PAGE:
By Mikhail Chernyavsky

After nearly a decade, the journey continues, or in this case begins, as Peter Jackson returns with “The Hobbit: An Unexpected Journey.”

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It was 2001 when the first film in the Jackson’s Academy Award-Winning “Lord of the Rings” series debuted. The trilogy is not only a cinematic masterpiece in fantasy fiction, but in film, period. It’s a shining example of a director truly passionate about this work. So, anything following would be nearly impossible to match in glory.

However, Jackson manages to deliver a decent movie, but as expected, fails to capture the magic of the first films.

Much like the first films, Hobbit also nearly runs for three hours, no doubt an extended edition will follow. But this time around, it felt like three hours.

Much of the first half of the film really just reintroduces us to the LOTR world and the original trilogy, including brief appearances from many of the original cast. This only slows down the pace of the film, and keeps audiences waiting for any bit of action to occur.

This problem stems from the fact that Hobbit is only the beginning in a new trilogy. That’s right; J.R.R. Tolkien’s shortest book in the series is being turned into three films.

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I couldn’t help but groan when I first learned this. This is your typical example of a successful trilogy trying to rake in more money for Hollywood executives. Although I have a feeling that LOTR fans will stay a little more loyal to this second trilogy than Star Wars fans. At least there was no Jar Jar Binks equivalent annoying me throughout the film.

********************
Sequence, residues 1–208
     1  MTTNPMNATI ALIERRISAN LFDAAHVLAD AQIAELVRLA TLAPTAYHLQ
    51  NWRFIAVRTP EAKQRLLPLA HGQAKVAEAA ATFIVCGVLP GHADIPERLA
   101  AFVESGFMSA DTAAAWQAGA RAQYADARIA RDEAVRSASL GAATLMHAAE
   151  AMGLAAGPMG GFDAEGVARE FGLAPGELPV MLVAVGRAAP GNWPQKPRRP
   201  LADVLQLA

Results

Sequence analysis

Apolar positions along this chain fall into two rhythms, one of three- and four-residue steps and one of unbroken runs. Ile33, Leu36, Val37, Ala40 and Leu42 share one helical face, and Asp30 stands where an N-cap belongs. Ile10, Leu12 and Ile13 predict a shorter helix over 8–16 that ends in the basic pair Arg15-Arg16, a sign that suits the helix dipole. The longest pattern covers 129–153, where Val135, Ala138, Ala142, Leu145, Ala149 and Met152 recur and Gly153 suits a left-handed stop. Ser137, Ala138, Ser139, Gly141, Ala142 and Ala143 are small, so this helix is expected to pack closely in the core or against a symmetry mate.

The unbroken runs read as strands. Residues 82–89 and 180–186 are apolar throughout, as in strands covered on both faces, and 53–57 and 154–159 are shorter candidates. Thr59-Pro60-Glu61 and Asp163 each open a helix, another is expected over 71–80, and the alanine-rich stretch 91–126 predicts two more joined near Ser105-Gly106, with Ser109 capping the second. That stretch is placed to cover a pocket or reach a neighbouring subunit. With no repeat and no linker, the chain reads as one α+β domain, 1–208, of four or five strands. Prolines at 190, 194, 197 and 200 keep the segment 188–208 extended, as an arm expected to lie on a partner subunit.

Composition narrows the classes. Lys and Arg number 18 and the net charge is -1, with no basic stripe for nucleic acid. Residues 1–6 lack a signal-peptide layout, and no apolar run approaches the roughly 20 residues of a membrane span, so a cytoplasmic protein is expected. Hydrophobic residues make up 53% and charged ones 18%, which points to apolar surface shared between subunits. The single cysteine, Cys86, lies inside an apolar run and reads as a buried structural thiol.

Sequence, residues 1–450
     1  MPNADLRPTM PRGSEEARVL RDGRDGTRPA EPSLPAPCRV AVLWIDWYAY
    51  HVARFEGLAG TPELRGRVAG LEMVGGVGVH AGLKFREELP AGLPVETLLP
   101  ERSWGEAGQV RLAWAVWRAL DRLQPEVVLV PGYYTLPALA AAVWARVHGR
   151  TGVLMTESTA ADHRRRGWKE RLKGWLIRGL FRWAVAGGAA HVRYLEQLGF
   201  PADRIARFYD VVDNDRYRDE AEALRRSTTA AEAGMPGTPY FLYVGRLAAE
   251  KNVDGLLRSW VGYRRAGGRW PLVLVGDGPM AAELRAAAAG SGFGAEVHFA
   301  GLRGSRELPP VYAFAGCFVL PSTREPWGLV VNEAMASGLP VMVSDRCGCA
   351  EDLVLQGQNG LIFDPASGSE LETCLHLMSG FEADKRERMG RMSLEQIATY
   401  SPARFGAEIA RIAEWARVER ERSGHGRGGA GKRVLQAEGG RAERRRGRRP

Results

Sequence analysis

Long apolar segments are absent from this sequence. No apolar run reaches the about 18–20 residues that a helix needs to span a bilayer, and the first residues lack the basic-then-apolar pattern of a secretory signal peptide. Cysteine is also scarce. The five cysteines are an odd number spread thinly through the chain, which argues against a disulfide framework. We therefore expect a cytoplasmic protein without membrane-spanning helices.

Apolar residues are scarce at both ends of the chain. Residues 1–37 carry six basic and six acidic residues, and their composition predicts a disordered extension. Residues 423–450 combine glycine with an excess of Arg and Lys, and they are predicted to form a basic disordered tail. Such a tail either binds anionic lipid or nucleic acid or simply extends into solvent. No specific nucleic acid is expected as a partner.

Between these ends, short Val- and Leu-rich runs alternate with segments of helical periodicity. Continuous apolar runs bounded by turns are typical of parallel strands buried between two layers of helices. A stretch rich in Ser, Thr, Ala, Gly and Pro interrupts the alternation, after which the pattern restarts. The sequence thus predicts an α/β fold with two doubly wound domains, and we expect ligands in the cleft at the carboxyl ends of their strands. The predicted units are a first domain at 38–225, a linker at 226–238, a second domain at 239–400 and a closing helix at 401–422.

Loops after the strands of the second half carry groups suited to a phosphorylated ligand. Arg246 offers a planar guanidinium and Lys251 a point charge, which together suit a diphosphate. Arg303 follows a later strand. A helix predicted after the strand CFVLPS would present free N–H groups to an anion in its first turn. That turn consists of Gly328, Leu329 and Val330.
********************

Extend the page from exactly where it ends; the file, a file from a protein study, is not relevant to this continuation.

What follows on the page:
What did annoy me was the 48 frames per second frame rate. It didn’t make me feel motion sick like some reports say, but it did pull me out of the film.

It was distracting from start to finish, looking like one of those high refresh rate televisions, where everything looks layered and superimposed on top of each other. It was especially irritating when the film finally picked up with its fight sequences.

As our heroes face some vicious orcs, the scenes looked overly computer generated, as if the film was replaced with someone’s World of Warcraft game.

I might have enjoyed Hobbit a bit more if it wasn’t for that major flaw.

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Regardless, it’s another 120 minutes of short people walking a lot, before we see any action in the second half of the film with no real payoff — unless you consider waiting for two more films a payoff.